Support the news
Few films are as attentive to the spaces inhabited by their characters as “Columbus,” a meticulously assured debut from one-named-wonder Kogonada.
Set in the Indiana town known as the “modernist mecca of the Midwest,” it’s a movie with a visual language all its own, in which architecture speaks louder than words. John Cho and Haley Lu Richardson star as a couple of lost souls in stasis, each with family responsibilities confining them to this limbo of astonishing glass and concrete buildings where the structures say what the characters cannot.
Playing at the Brattle Theatre from Sept. 8 - 14, “Columbus” is an audaciously quiet picture, but don’t let that fool you. Beneath these placid exteriors and immaculate compositions, intense emotions roil.
A world-renowned architecture scholar collapses shortly before a university speaking engagement and lies comatose in the hospital, prompting his estranged son Jin (forcefully played by Cho) to fly in from Seoul and sit vigil. The old man never had much time for the kid, who’s now entering middle age with a hefty chip on his shoulder and is not at all thrilled that filial duty compels him to hang around an unfamiliar city waiting for his father to die.
Bookish, 19-year-old Casey (Richardson) stayed in Columbus after all her friends went off to college, partially for financial reasons but mostly to keep an eye on her recovering addict mother (Michelle Forbes). “Meth and modernism are big here,” Casey wisecracks while trying to be cavalier, but one of the wonders of Richardson’s star-making performance is how vividly we can see the hurt bubbling up behind her eyes every time she mentions her mom.
These two meet over cigarettes outside the I.M. Pei-designed library where Casey works. Their exchanges are flinty at first, but with a curiosity that grows into affection over time. Jin never gave a damn about architecture, claiming, “When you grow up around something, it’s nothing.” Casey’s a walking contradiction to that theory, taking solace throughout her troubled young life from the beauty of these buildings and eventually bringing Jin around to see her favorites, of which she keeps a numbered list.
The spaces and surfaces stand in for what these characters are not yet ready to share, with Kogonada and cinematographer Elisha Christian making incredibly expressive use of their surroundings. Scenes can be as simple as Cho and Richardson walking along, chatting on opposite sides of a fence that comes to an end when they reach an understanding. Or they can get as complex as an elaborately choreographed sequence between Jin and his father’s assistant (and maybe mistress), played by Parker Posey, which we watch entirely through reflections moving between bedroom and bathroom mirrors.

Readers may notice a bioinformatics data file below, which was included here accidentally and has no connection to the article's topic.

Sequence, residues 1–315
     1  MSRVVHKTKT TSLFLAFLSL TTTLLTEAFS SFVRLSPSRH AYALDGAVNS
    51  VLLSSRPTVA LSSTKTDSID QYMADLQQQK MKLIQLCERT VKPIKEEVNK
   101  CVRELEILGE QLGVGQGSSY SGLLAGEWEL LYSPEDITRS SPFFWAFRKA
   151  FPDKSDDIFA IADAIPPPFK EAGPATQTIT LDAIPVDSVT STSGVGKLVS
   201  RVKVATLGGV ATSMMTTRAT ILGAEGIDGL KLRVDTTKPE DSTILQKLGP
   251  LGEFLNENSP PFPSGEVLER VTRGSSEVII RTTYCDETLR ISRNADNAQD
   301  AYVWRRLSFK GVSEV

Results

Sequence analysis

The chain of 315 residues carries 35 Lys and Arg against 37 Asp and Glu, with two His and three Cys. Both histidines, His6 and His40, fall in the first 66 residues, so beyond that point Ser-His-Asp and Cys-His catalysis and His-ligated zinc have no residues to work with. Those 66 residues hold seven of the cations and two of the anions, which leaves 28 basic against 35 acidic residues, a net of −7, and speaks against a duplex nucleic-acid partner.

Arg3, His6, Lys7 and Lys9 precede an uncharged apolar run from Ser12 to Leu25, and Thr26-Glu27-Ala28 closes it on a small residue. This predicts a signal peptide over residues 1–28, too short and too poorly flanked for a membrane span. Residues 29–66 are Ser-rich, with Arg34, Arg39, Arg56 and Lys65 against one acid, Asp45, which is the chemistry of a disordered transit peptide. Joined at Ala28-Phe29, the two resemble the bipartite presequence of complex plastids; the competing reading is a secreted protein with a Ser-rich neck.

The screen is almost always broken up into frames inside of frames, favoring deep-focus shots in which foreground obstacles either wall these characters off from one another or isolate them together in a little box of their own, positioned against the rest of the world. When indoors you’ll usually find the camera a couple of rooms away from the action, capturing the scene through doorways inside other doorways.
Kogonada is a video essayist and cinema history scholar whose work has appeared on many Criterion Collection supplements (his website is a great place to lose a couple of hours), and the filmmaking choices here exhibit a bone-deep understanding of visual storytelling that’s remarkable for a first-timer. “Columbus” is the kind of movie you can watch with the sound turned off and get the gist of it just fine.
Perhaps inevitably, Kogonada’s screenwriting isn’t as sophisticated as his direction. A couple of clunker speeches over-explain themes we’ve already gleaned, but they’re brought off by the enormously charismatic leads. John Cho has largely been relegated to playing some form of emasculated Asian sidekick or another ever since “American Pie,” so it’s pleasantly startling to see what a dashing leading man he can be. (You’d never know from the “Harold and Kumar” movies but the dude can really wear a suit.)
Yet “Columbus” ultimately belongs to Haley Lu Richardson’s Casey, who manages to somehow be both world-weary and innocent, at once jaded and afraid. It’s hard to imagine many young actresses capable of selling passionate academic monologues about architecture, but Richardson has got one of those faces that appear incapable of concealing emotions — a flood of feelings always just beneath the surface.
The buildings serve as something like a Greek chorus throughout, underlining elements of the story. It’s not for nothing that Kogonada keeps cutting back to Columbus City Hall, with its two outstretched brick arms that get awfully close but never quite join together.
“Columbus” screens at the Brattle Theatre Sept. 8 - 14. Writer-director Kogonada will be at the 4:30 and 7:15 p.m. shows on Sunday, Sept. 10.